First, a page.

If your gift list includes avid readers, take heart. We’ve found extraordinary presents for every reading geek. In fact there are so many delights, it has taken us a few days to share them all. Bookmark this list to use beyond the holidays and to satisfy your own reading-related hankerings. Remember to check out chapters one and two and three.
Literature-inspired jewelry with a steampunk edge, that’s what you’ll find in the wide-ranging collection of Jezebel Charms. We’re talking handmade pieces featuring erudite quotes from the likes of Jane Austen, Oscar Wilde, the Bronte sisters, George Eliot, Charles Darwin, Homer, Shakespeare, Poe, and many many others. These pieces are artfully designed, making it an aesthetic pleasure to simply scroll through the offerings.
We’re taken with so many items that it’s hard to keep from suggesting them all, but our favorites include the “I am an omnivorous reader” pendant ($37), Frankenstein cuff links ($25), she is too fond of books brooch ($20), and mad tea party earrings ($32). Shown above, another of our must-haves, the Jane Eyre cuff bracelet ($40) with a quote penned by Charlotte Bronte, “I am no bird and no net ensnares me. I am a free human being with an independent will.”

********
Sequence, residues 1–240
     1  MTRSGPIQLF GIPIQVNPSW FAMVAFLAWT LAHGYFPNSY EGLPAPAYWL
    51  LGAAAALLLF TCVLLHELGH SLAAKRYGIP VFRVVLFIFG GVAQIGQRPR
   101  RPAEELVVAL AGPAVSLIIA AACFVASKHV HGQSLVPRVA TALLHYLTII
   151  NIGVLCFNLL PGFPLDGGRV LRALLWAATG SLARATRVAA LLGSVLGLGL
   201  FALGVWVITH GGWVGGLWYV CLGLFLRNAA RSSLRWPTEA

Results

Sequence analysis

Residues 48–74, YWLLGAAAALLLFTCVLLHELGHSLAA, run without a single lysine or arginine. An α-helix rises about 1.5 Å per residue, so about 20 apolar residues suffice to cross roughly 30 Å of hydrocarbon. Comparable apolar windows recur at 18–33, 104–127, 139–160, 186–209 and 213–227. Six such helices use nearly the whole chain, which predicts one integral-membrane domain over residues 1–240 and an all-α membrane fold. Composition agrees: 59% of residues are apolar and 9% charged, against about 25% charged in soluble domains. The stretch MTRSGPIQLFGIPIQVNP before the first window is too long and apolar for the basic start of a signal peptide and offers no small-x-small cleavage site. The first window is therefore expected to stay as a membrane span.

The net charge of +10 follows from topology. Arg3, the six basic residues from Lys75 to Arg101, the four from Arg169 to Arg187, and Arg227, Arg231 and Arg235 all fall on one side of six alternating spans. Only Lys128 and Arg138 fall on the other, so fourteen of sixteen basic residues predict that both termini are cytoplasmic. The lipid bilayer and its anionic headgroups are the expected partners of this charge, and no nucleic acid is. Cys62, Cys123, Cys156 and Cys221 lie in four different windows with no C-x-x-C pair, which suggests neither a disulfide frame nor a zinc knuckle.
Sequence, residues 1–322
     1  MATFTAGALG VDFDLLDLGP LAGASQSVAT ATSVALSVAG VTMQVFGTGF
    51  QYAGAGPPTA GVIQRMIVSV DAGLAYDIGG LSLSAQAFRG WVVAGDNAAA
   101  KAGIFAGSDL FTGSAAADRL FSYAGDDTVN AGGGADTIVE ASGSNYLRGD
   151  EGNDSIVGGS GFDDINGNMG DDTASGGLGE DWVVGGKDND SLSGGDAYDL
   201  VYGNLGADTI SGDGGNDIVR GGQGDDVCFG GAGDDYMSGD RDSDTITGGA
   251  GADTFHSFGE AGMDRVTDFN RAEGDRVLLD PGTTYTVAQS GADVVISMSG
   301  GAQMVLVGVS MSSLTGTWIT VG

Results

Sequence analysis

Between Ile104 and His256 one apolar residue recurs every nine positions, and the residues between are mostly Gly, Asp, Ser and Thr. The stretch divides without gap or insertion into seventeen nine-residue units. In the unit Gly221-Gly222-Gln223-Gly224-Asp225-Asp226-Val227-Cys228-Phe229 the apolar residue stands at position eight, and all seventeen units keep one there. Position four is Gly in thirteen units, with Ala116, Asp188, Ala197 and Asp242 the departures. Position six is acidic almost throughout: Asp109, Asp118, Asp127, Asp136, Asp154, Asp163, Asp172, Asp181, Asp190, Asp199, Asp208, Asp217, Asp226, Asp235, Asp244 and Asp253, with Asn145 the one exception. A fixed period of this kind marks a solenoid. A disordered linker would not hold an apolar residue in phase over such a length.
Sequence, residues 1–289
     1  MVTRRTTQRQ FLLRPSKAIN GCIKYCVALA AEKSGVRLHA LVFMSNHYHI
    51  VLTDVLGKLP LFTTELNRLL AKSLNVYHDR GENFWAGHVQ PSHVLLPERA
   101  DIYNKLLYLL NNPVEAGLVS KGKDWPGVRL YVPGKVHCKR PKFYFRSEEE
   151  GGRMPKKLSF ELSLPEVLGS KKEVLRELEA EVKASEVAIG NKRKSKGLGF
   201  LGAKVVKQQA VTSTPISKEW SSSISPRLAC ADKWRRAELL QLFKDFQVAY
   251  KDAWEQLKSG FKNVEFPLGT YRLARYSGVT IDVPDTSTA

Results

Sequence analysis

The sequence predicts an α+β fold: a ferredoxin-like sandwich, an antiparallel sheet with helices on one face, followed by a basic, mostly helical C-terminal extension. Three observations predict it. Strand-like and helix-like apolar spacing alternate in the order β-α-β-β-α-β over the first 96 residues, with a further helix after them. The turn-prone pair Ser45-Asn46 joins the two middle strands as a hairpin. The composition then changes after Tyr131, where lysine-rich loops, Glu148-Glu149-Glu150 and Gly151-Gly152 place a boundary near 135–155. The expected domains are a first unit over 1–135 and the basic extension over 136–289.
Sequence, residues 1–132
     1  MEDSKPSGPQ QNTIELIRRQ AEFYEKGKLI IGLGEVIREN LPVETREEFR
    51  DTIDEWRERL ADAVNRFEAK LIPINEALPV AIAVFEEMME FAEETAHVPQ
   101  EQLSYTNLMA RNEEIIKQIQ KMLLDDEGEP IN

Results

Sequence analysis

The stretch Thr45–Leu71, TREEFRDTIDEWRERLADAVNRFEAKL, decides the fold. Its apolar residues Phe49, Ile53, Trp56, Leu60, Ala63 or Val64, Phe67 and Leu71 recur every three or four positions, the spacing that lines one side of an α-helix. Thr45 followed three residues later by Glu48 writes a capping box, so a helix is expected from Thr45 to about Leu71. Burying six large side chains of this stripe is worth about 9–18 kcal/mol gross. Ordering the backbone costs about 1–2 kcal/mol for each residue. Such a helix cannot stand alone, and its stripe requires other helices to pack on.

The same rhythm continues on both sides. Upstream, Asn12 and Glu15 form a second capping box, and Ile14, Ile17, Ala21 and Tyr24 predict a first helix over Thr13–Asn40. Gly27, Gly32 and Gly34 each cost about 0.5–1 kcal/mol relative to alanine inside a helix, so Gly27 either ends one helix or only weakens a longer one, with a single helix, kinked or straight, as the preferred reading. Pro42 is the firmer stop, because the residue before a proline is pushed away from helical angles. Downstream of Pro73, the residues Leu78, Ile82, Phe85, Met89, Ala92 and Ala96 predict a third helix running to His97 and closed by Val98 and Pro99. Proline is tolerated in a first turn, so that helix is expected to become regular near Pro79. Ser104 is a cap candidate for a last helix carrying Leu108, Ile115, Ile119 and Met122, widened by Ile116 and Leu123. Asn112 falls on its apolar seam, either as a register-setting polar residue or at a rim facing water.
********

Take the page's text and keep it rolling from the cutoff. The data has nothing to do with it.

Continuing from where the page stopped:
Magnet Comic sets ($25). These are nicely made wooden stands with three-panel white magnets to create comic strips. The set includes four characters, each with 9 facial expressions, giving you 36 pieces for inspiration. It also includes a dry erase and wet erase marker. More potential characters are available. This set screams of potential fun at work and at home. I’ll be a hit on Kickstarter and in your life.
This maker also runs the Etsy shop Helmsman Press where you can get a comic book bag tote ($10) screen printed to resemble the classic “thank you” shopping bags. This is a lightweight bag, easily tucked in a coat pocket when not in use, but strong enough to hold an optimistic pile of comics. Also available are comic book buttons ($2) made out of upcycled comics, mostly older Marvel but some older DC stuff as well.
Shakespearean insult mug ($12.95) from the Unemployed Philosopher’s Guild. The bard was a put-down master, so this mug is covered with phrases such as “not so much brain as ear wax” and “anointed sovereign of sighs and groans.”
There are more enticements for the book lover. A Gogol t-shirt (21.95) that looks a little Google-ish but has more to do with the Russian novelist. Little Thinkers, cuddly versions of greats like Edgar Allan Poe ($18.95) and Virginia Woolf ($18.95). A set of writer’s cards ($12.95), perfect for any occasion thanks to sticker sheets included. Our favorite item may be the Great Drinker’s Shot Glasses ($15.95), each with the visage and quote from a famous literary drinker such as Oscar Wilde, Dorothy Parker, Winston Churchill, Yeats, and Baudelaire.
Book place markers. Not bookmarks, we’re talking clever little clips that can be used in multiple places to mark passages without underlining or marring the book. They can be used over and over.